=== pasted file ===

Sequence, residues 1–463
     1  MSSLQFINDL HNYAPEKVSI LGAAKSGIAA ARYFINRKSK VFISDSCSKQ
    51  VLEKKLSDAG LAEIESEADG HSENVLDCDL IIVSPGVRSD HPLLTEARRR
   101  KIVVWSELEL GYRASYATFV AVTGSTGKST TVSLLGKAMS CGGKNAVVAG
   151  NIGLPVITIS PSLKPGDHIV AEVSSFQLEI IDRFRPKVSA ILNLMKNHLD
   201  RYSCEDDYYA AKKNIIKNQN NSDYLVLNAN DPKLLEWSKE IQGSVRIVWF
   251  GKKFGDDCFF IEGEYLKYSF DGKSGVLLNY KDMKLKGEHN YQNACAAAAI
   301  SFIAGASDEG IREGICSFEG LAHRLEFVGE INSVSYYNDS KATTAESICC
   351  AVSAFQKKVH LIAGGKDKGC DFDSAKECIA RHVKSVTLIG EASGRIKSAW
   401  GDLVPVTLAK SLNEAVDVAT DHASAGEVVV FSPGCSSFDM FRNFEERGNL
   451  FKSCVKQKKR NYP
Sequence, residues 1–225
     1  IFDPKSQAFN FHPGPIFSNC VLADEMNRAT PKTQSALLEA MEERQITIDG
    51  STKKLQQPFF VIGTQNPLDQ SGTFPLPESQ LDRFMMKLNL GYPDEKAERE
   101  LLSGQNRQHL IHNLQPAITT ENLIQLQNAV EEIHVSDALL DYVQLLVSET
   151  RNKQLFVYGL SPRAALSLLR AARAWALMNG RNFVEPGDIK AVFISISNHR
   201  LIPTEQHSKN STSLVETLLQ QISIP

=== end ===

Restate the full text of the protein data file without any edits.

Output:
Sequence, residues 1–463
     1  MSSLQFINDL HNYAPEKVSI LGAAKSGIAA ARYFINRKSK VFISDSCSKQ
    51  VLEKKLSDAG LAEIESEADG HSENVLDCDL IIVSPGVRSD HPLLTEARRR
   101  KIVVWSELEL GYRASYATFV AVTGSTGKST TVSLLGKAMS CGGKNAVVAG
   151  NIGLPVITIS PSLKPGDHIV AEVSSFQLEI IDRFRPKVSA ILNLMKNHLD
   201  RYSCEDDYYA AKKNIIKNQN NSDYLVLNAN DPKLLEWSKE IQGSVRIVWF
   251  GKKFGDDCFF IEGEYLKYSF DGKSGVLLNY KDMKLKGEHN YQNACAAAAI
   301  SFIAGASDEG IREGICSFEG LAHRLEFVGE INSVSYYNDS KATTAESICC
   351  AVSAFQKKVH LIAGGKDKGC DFDSAKECIA RHVKSVTLIG EASGRIKSAW
   401  GDLVPVTLAK SLNEAVDVAT DHASAGEVVV FSPGCSSFDM FRNFEERGNL
   451  FKSCVKQKKR NYP
Sequence, residues 1–225
     1  IFDPKSQAFN FHPGPIFSNC VLADEMNRAT PKTQSALLEA MEERQITIDG
    51  STKKLQQPFF VIGTQNPLDQ SGTFPLPESQ LDRFMMKLNL GYPDEKAERE
   101  LLSGQNRQHL IHNLQPAITT ENLIQLQNAV EEIHVSDALL DYVQLLVSET
   151  RNKQLFVYGL SPRAALSLLR AARAWALMNG RNFVEPGDIK AVFISISNHR
   201  LIPTEQHSKN STSLVETLLQ QISIP